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FSM Vol 5 No 17

Artwork copyright (c) 1957 Turner Entertainment Company; review copyright (c) 2005 James Southall



Colourful oriental score


A movie version of Somerset Maugham's The Painted Veil, The Seventh Sin is about the moral journey of an unfaithful woman's affairs and eventual redemption, set in Hong Kong in 1949.  This would seem like an ideal opportunity to combine glorious exotic locations with film noir (two things that make the choice of composer seem perfect) but sadly neither was really to be - the former was spoiled by director Ronald Neame's decision to shoot in black and white in an attempt to bolster the appearance of the latter, but in the end it fulfilled neither aspect of its promise.

On board to provide the music was MGM's senior composer, Miklos Rozsa, tackling a less high-profile assignment than usual.  It is often said (and I hold my hands up here as a guilty party) that whatever location, whatever time period, whatever dramatic moment Rozsa is scoring, it ends up sounding pretty much like the others, so the obvious ethnic elements in the score come as a not-unwelcome surprise.  That said, the main theme is vintage Rozsa stuff, not overtly hinting at the period or location of the film, but being typically stirring dramatic stuff.  There is more than the occasional memory of the composer's famous scores for the legendary 1940s films noir like Double Indemnity and so on, with him laying on the drama in no uncertain terms.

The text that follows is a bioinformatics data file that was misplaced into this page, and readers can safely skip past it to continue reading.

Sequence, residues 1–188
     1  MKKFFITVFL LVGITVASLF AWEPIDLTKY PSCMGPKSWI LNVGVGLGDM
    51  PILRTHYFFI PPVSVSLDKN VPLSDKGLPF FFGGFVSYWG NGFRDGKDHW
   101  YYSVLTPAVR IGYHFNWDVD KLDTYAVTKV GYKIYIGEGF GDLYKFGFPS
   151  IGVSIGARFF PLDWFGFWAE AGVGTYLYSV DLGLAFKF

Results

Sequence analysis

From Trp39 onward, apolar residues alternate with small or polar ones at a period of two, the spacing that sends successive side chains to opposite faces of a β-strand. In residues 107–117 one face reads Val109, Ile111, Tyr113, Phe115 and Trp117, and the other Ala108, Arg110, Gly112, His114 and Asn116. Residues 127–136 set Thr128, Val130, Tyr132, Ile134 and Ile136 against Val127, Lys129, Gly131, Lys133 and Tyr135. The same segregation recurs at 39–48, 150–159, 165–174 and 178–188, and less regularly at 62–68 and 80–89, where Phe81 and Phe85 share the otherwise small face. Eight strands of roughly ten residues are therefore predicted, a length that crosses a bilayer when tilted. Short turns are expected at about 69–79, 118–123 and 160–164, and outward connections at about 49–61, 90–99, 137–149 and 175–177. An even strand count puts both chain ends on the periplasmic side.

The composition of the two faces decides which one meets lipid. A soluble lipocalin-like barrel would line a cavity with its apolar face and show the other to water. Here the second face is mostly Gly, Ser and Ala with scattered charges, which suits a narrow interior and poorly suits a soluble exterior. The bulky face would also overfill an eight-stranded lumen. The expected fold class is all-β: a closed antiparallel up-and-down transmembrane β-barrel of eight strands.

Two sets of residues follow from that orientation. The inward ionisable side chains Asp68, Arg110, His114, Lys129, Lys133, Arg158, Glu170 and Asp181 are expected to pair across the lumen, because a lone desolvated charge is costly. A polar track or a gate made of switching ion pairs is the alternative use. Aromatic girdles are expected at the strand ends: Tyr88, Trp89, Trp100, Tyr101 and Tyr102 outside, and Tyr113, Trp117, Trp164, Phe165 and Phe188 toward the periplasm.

The "travelogue" elements of the story are accompanied by colourful Oriental-style music - you'd never mistake it as being by anyone other than Rozsa, but it's still a side to the composer not frequently heard.  Cues such as "Boat Trip" and "Cortege" are good examples.  Later, "East Meets West / Tea Party" is an absolutely lovely bit of tender scoring, in great contrast to some of the somewhat bombastic music which has gone before.  Things climax with a lengthy cue "Bad News / Rough Passage / Forgiveness" which is amongst the score's most dramatic and impressive, and then a rousing, impressive "Finale".

Part of Film Score Monthly's "Golden Age Classics" series, The Seventh Sin is not classic Rozsa, but is still an entertaining and engaging listen.  The album's production values are first-rate, with the mono sound being pretty much as good as could be expected for something this old, and the liner notes by Jeff Bond and Lukas Kendall are interesting.  Add in a nice cover (and of course the fine music!) and you have a good all-round package.

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  1. Prelude (2:15)
  2. Briefcase (1:55)
  3. Alibi / Mystery Story (4:26)
  4. Homecoming (1:21)
  5. Boat Trip (:51)
  6. Cortege (2:16)
  7. Alone (:49)
  8. Nursery / Turmoil / Reminiscences (5:38)
  9. Rape (2:07)
  10. East Meets West / Tea Party (5:25)
  11. New Life (2:20)
  12. Home (1:15)
  13. Bad News / Rough Passage / Forgiveness (7:17)
  14. Finale (2:01)
  15. Chinese Montage (16:27)
  16. Waltz (2:23)